There has never been a mixed martial arts fighter like Jon Jones. His combination of intelligence, athleticism and skill set is unmatched in the sport's history.
Most fighters do one thing pretty well. They are specialists who get by with passable skills in other areas. The very best guys can do two or three things at a high level.
Jones is a different kind of athlete. You can't compare him to another fighter—no one has ever approached what he can do in the Octagon.
His ground-and-pound is brutal—sharp elbows and sharper angles. But he doesn't belong on the same evolutionary path as other great ground-and-pounders like Mark Coleman and Matt Hughes. His striking game is too sophisticated and slick for that. Sometimes, in fact, he doesn't even consider taking the fight to the ground. That would never have been the case with someone like Coleman.
Nor does Jones belong in the group of rangy strikers who like to keep their opponents at a distance. He may have beaten former champion Rashad Evans with that strategy, but when push comes to shove, his wrestling is good enough to thwart a former NCAA standout like Ryan Bader.
Jones simply does it all, and he does it better than the specialists who oppose him inside the cage.
In his title defense at UFC 159, the conventional wisdom was that Jones would avoid Chael Sonnen's strength—that he would keep the fight at a distance and prevent Sonnen from bringing his wrestling to bear. Jones slapped conventional wisdom in the face and sent it scurrying home to momma.
"It was a very surprising game plan: Jon Jones executing his own takedowns and put the wrestler Chael Sonnen on his back," Fuel TV analyst Brian Stann said after the fight. "As Jon Jones said, he wanted to ‘Chael Sonnen’ Chael Sonnen."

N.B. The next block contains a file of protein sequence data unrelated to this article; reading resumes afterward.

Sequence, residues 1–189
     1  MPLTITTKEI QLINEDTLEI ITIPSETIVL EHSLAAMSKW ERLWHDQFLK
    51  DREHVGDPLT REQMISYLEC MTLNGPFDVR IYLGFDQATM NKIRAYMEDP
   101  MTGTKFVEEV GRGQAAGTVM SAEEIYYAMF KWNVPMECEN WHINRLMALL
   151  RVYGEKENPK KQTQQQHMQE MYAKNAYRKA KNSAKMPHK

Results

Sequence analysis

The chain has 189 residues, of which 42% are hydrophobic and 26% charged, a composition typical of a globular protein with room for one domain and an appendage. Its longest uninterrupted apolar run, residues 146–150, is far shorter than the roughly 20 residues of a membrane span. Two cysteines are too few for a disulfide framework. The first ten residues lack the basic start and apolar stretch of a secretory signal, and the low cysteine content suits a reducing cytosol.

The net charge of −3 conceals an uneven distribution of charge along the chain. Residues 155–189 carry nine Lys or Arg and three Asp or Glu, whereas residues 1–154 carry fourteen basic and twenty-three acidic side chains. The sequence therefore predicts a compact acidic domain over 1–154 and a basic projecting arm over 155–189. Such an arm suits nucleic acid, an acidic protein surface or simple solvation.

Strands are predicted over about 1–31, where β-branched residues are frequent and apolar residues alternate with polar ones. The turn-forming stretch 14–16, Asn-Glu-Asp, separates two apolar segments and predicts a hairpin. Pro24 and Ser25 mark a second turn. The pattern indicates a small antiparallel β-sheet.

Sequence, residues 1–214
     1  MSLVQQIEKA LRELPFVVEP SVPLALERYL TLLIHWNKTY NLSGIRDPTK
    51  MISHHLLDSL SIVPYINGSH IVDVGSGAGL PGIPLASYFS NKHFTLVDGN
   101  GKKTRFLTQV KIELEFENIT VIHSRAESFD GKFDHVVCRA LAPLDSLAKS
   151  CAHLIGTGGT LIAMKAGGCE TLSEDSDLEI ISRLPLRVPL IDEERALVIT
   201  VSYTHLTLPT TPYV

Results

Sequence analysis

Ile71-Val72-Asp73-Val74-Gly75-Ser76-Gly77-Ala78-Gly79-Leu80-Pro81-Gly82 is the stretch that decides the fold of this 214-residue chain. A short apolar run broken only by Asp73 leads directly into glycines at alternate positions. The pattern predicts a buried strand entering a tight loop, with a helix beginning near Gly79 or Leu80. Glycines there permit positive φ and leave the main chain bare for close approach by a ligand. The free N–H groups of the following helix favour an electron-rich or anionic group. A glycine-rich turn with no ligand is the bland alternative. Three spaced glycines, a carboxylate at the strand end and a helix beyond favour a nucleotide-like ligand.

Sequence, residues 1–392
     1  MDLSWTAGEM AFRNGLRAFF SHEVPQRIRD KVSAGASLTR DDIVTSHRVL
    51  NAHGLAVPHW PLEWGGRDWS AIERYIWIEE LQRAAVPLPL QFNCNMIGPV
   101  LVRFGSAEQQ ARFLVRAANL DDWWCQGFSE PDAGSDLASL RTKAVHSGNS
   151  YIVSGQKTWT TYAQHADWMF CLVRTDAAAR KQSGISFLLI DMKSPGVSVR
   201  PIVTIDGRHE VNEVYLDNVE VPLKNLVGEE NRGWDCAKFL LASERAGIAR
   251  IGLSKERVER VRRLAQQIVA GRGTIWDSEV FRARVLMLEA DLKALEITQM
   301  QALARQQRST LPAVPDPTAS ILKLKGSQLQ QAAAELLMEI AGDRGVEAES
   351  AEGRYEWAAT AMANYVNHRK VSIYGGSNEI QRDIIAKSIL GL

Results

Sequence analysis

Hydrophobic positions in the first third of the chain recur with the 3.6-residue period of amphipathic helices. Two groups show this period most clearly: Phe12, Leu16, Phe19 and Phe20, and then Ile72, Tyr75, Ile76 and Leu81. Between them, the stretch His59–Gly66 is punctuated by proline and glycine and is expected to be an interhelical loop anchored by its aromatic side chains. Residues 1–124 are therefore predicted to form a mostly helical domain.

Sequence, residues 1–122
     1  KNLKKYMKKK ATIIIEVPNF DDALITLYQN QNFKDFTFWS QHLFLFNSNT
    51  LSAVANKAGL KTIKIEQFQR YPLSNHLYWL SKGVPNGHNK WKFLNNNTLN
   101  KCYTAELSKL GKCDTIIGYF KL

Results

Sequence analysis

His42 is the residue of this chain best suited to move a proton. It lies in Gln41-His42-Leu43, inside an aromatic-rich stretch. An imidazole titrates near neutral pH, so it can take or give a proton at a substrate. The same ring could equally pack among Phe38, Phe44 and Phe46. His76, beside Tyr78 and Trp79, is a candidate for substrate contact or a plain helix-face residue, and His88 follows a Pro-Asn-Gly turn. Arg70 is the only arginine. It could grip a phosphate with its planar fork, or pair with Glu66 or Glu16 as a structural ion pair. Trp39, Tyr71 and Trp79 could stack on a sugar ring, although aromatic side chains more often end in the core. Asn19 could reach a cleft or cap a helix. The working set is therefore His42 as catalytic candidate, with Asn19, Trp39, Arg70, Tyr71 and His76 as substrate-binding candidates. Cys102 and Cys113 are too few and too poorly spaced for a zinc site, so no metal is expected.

Before the fight, Jones' coach, Greg Jackson, hinted to me that Jones might try to break Sonnen mentally right off the bat and show him that he wasn't even better than the champion at the one thing he does really well.
Sometimes, Jackson said, the best way to demoralize an opponent is to give him exactly what he wants—and then crush his wildest fantasy by showing that path—the ideal one—will not work.
"I don't think I've been taken down three times in my whole career," Sonnen said after the fight. "He took me down three times in one round."
It was the kind of performance that led to much post-fight discussion of legacies and pound-for-pound greatness. There's little doubt Anderson Silva is the most accomplished fighter in UFC history. His track record is unmatched, and Jones, at age 25, hasn't had the time to match Silva's resume line for line.
But what about in the moment? Has Jones surpassed Silva as the best fighter in the world in the here and now? Opinions are varied, but Sonnen, one of just three men who have faced both fighters, shared his own thoughts at the post-fight press conference.
(Jon) is a lot better than I thought he was. To beat a guy is one thing. To beat a guy at his game is another. He’s the best fighter I’ve ever fought. He was stronger than Silva. The last thing I want to do is disparage Anderson Silva. It’s tough. I whipped him for 30 minutes. He whipped me for 30 seconds. I whipped Jon for zero seconds. He whipped me the entire fight. If you’re asking me for my opinion, Jon’s better.
We may get a definitive answer to this question soon enough.
"Anderson called me tonight and wants a fight," UFC president Dana White told the press. "I’m not going to tell you which fight he wants, but I’m going to get to work on it as soon as possible."
Does Silva want Jones, or did he call for a shot at welterweight Georges St-Pierre? The timing of the call strongly hints that Silva has his eye on Jones.
If it happens, it will be bigger than a superfight. We'll need to invent a new superlative just to discuss it.
Silva vs. Jones isn't just a dream fight. It would decide who is the very best fighter in the world.
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